Victim-blaming is never great, but completely eliminating responsibility on a party doesn't help either. As much as you must have a motivated offender, you must have a suitable target. If the common theme with this campaign is severely intoxicated women, it's being irresponsible and naive to not be encouraging woman to avoid getting hammered. Especially when women can get drunk easier than men due to differences in metabolism.

    When you also consider the number of rape victims who are raped multiple times over their life, there also needs to be a focus on mental health, as women who repeatedly put themselves in these vulnerable situations likely have a history of child abuse.

    • Women are raped whether they drink responsibly or not. The point is to stop opportunistic rapists.

    • imnothin says:

      Put themselves in a vulnerable situation? Really?

      1) Since society is the way it is, simply BEING female puts one in a vulnerable situation. Rape can happen any time, anywhere, to any female, and does. Any female can be a suitable target for a rapist. Drunk or not. Out late or not. Alone or not. Dressed sexy or not. Being friendly or not.

      2) Females should NOT HAVE TO BE hyper vigilante, always trying to make sure they are not “making themselves vulnerable” to some guy with entitlement issues who will take what he wants if he thinks he can, regardless of whatever she is doing or not. How to not be vulnerable? Wear suits of armor? Even when sleeping?

      3) Repeat victims aren’t necessarily making themselves more vulnerable. They ARE often more vulnerable BECAUSE of what has happened to them. It can affect subtle behavioral cues, which some men who rape seem to pick up on.

      It is not about HER, it is about HIM. She is not responsible for his actions, he is. Period. Teach HIM to behave, to be a decent human being, to treat females as human beings, not things-to-be-used-for-his-enjoyment. Teach HIM not to exploit vulnerabilities in other humans, just because he can, or for personal gain or enjoyment of some (sick) type. That is the point here.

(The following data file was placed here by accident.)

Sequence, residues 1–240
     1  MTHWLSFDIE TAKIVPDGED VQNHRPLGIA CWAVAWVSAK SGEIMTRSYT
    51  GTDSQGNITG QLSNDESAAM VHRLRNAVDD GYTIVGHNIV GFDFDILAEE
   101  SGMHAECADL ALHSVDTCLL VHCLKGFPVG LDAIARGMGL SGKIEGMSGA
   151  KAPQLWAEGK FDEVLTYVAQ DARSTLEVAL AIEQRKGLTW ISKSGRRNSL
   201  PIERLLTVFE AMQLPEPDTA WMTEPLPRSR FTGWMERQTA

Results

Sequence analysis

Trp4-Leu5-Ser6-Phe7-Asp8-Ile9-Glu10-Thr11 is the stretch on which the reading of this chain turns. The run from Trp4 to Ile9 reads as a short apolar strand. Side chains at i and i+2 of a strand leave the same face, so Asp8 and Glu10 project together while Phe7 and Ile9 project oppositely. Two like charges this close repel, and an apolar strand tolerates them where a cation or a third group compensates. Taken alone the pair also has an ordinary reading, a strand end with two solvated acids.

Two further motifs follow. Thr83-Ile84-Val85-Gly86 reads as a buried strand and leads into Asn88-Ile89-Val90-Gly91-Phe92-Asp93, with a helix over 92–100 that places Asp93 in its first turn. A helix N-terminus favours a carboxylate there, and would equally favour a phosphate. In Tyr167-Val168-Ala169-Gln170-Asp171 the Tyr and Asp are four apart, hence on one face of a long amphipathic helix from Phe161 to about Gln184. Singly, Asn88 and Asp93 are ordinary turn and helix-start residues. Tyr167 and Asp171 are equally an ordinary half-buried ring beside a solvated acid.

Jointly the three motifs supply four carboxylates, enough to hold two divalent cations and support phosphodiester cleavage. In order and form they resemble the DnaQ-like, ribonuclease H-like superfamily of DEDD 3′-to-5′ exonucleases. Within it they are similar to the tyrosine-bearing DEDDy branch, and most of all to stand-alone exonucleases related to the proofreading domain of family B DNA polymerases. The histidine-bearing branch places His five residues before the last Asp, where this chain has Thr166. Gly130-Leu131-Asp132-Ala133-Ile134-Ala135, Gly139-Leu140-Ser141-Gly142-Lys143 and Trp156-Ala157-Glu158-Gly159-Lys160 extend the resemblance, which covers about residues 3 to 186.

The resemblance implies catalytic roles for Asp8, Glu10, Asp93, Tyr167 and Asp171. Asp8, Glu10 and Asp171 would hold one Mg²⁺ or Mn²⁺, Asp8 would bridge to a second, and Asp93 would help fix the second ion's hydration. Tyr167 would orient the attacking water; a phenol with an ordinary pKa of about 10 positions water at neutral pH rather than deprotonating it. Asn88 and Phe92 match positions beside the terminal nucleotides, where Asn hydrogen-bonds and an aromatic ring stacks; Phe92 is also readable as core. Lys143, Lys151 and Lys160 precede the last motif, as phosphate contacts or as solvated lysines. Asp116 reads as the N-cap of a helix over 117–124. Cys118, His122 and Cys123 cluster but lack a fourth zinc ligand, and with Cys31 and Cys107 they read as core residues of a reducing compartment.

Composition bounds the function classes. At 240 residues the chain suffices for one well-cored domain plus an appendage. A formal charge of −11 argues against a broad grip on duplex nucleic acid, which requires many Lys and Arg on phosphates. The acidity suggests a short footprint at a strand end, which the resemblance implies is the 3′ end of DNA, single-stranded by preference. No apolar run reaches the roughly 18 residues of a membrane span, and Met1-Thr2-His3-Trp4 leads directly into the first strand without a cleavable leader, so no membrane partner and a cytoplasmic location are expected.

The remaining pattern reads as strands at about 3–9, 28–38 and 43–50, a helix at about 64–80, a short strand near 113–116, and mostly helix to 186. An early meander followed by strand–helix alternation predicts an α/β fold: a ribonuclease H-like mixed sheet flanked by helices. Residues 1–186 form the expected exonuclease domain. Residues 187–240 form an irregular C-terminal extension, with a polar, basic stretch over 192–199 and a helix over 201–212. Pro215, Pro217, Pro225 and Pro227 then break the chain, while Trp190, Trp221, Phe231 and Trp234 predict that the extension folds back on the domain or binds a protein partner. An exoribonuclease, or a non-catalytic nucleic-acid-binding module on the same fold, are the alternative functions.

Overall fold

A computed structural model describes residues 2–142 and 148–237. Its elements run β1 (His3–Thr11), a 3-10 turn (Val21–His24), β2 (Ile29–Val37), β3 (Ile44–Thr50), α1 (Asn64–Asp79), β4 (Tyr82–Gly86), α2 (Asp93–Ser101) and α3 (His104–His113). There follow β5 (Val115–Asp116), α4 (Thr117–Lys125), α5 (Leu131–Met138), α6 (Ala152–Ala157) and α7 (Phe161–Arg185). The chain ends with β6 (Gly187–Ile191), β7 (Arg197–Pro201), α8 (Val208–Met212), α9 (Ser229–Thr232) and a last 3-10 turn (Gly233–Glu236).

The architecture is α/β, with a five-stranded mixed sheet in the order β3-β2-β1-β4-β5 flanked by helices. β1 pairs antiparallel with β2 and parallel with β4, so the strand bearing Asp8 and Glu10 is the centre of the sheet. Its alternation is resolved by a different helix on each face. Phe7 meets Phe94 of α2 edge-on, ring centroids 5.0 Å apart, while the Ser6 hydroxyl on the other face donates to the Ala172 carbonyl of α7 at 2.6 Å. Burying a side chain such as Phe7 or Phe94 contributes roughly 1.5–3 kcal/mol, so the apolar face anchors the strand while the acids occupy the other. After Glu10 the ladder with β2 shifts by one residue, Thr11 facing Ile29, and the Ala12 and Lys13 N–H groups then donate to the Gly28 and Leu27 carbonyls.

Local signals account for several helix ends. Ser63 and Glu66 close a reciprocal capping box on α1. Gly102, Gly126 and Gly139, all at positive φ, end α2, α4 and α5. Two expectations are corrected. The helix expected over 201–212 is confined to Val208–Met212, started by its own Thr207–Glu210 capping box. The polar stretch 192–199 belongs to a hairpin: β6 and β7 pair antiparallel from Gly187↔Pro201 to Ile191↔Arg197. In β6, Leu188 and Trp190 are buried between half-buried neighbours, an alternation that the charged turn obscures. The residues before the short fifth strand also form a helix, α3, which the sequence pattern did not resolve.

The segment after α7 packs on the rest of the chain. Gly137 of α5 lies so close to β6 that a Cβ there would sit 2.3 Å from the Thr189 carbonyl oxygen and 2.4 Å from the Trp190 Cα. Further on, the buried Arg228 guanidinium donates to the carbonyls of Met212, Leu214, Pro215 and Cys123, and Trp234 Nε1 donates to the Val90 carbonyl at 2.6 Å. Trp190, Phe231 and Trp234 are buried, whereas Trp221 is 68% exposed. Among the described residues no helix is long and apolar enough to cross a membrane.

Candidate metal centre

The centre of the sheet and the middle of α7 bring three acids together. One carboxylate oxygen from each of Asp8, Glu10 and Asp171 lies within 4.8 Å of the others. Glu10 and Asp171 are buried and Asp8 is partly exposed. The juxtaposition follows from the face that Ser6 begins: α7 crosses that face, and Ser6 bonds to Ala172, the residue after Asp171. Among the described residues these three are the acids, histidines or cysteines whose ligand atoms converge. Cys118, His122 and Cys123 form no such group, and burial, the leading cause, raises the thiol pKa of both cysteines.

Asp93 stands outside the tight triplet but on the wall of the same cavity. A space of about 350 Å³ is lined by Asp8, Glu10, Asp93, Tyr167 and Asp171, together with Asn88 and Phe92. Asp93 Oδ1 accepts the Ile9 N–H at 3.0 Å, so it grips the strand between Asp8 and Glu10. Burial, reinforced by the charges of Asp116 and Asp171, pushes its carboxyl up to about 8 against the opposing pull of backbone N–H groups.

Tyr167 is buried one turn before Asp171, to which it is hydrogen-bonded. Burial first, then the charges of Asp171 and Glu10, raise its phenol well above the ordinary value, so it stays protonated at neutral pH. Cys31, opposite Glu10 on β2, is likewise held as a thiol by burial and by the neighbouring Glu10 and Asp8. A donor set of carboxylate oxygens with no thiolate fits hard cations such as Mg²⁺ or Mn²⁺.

• gbsgirl says:

        imnothin – you are really somethin’! I couldn’t agree more with everything you wrote and the way in which you wrote it. Perfectly stated. Men should be made to memorize your post.

  10. Great article and campaign. I wish my college would have had something like this. I was wondering if anyone knew of any good resources for moving on from acquaintance rape. I was raped by a “friend” of mine, and though I had spoken to him about where I drew the line sexually on numerous occasions, he still took advantage of me when I was drunk. I struggled so much with applying a label to what had happened because I had been drinking. I had a very strong emotional reaction to the event but was unable to refer to it as rape. After a year, I “buried” it. Though I managed to convince myself that I had dealt with it, the feelings of being dirty and self-loathing never ceased. Recently, I have not been able to fool myself anymore. In some ways, I feel like I am back at square one. I am trying to deal with this so I can move on with my life, but it’s difficult to know how to do so. If there are any resources that anyone knows of that provide beneficial, constructive ways to deal with the emotions that come along with this, it would be greatly appreciated. Thanks so much.

    • Seeking help from my local rape crisis center kept me alive. I hope someone is helping you. It is rape and it s not your fault . Most rapes are committed by someone you know. You knew it was rape when it happened. Now you need to tell someone that can help you. It can all be private if you choose. I chose to report to the police after I received some council. I don t know if it will protect another woman or not I just know I have to try.

  11. Belle of Acadie says:

    I love this campaign. Heard about in on the news.

    Stepping Stone also has some edgy ads for sex workers.